(Ray)
(Fogra 39)Job:04-30554 Title:RP-Creative Photography Lab
#175 Dtp:225 Page:102
088-105_30554.indd 102 4/26/13 11:11 AM
(Ray)
(Fogra 39)Job:04-30554 Title:RP-Creative Photography Lab
#175 Dtp:225 Page:103
088-105_30554.indd 103 4/26/13 11:11 AM
Talking T o Yourself
CreaT ive PhoT ograPhY lab
102
(Text)
1. Choose either an activity or a person
to cover. The subject should be
something you aren’t already too
familiar with. The photography and
research should go together, and you
are the audience.
2. Make arrangements to access your
subject. If it’s a person, see if you
can shadow them for part of a day.
If your subject is an activity, nd out
schedules and see if you need
permission. You could follow a vet
around for a day or go to a model
airplane show.
3. Shoot in black and white or convert
the image later.
4. Be sure to have plenty of memory-
card space and shoot like crazy.
5. Look for the off-stage moments
between the action shots.
6. Shoot even if you aren’t sure of
exposure or focus.
7. Do a quick edit of your images soon
after you are nished shooting. Then
come back a day later and reevaluate
your selections.
Settings
Black and white are the
colors of photography. To
me they symbolize the
alternatives of hope and
despair to which mankind
is forever subjected.”
—Robert Frank
Is photography fact or ction? How you approach any subject is affected by your opinion, and
therefore the images will have a particular slant. In this lab, imagine you are a reporter and you
have been assigned to cover something or someone with an in-depth essay.
Document
36
LAB
ash off
PAS: A snapshot mode is
best. Use black-and-white if
you have it.
DSLR: Use an auto mode that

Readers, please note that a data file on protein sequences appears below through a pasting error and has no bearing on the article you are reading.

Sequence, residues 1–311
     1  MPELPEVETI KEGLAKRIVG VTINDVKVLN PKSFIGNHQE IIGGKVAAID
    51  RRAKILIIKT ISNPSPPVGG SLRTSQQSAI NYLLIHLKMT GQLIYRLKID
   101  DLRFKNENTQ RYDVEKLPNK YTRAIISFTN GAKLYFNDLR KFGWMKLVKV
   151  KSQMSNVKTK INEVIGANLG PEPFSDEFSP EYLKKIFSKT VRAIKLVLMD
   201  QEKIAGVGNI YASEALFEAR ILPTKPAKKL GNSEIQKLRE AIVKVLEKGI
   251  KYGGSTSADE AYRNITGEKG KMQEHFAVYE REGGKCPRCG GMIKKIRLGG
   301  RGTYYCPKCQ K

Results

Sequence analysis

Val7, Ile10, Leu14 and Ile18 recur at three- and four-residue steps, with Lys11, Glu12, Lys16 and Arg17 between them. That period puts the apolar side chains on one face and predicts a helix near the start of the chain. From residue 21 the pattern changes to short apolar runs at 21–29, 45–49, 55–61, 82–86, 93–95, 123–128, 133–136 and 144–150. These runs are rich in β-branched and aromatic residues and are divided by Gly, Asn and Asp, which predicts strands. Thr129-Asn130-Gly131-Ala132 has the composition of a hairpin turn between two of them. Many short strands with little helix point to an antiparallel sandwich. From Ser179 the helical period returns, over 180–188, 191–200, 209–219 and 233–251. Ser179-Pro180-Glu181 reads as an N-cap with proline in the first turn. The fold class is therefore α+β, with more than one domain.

allows you to move fast and
shoot in lower light situations.
Give up depth of eld for
stop action.
smartphone: Shoot multiple
shots of each scene and edit
out the best shots later.
These images are from a project documenting people in rural villages in Nicaragua.
Let’s Go!
(Ray)
(Fogra 39)Job:04-30554 Title:RP-Creative Photography Lab
#175 Dtp:225 Page:102
088-105_30554.indd 102 4/26/13 11:10 AM
Talking T o Yourself
103
(Text)
Creative PhotograP hy Lab
1. Choose either an activity or a person
to cover. The subject should be
something you aren’t already too
familiar with. The photography and
research should go together, and you
are the audience.
2. Make arrangements to access your
subject. If it’s a person, see if you
can shadow them for part of a day.
If your subject is an activity, nd out
schedules and see if you need
permission. You could follow a vet
around for a day or go to a model
airplane show.
3. Shoot in black and white or convert
the image later.
4. Be sure to have plenty of memory-
card space and shoot like crazy.
5. Look for the off-stage moments
between the action shots.
6. Shoot even if you aren’t sure of
exposure or focus.
7. Do a quick edit of your images soon
after you are nished shooting. Then
come back a day later and reevaluate
your selections.
The more time I spent with the people, the more intimate and fun the images became.
Is photography fact or ction? How you approach any subject is affected by your opinion, and
therefore the images will have a particular slant. In this lab, imagine you are a reporter and you
have been assigned to cover something or someone with an in-depth essay.
Document
Let’s Go!
(Ray)
(Fogra 39)Job:04-30554 Title:RP-Creative Photography Lab
#175 Dtp:225 Page:103
088-105_30554.indd 103 4/26/13 11:10 AM

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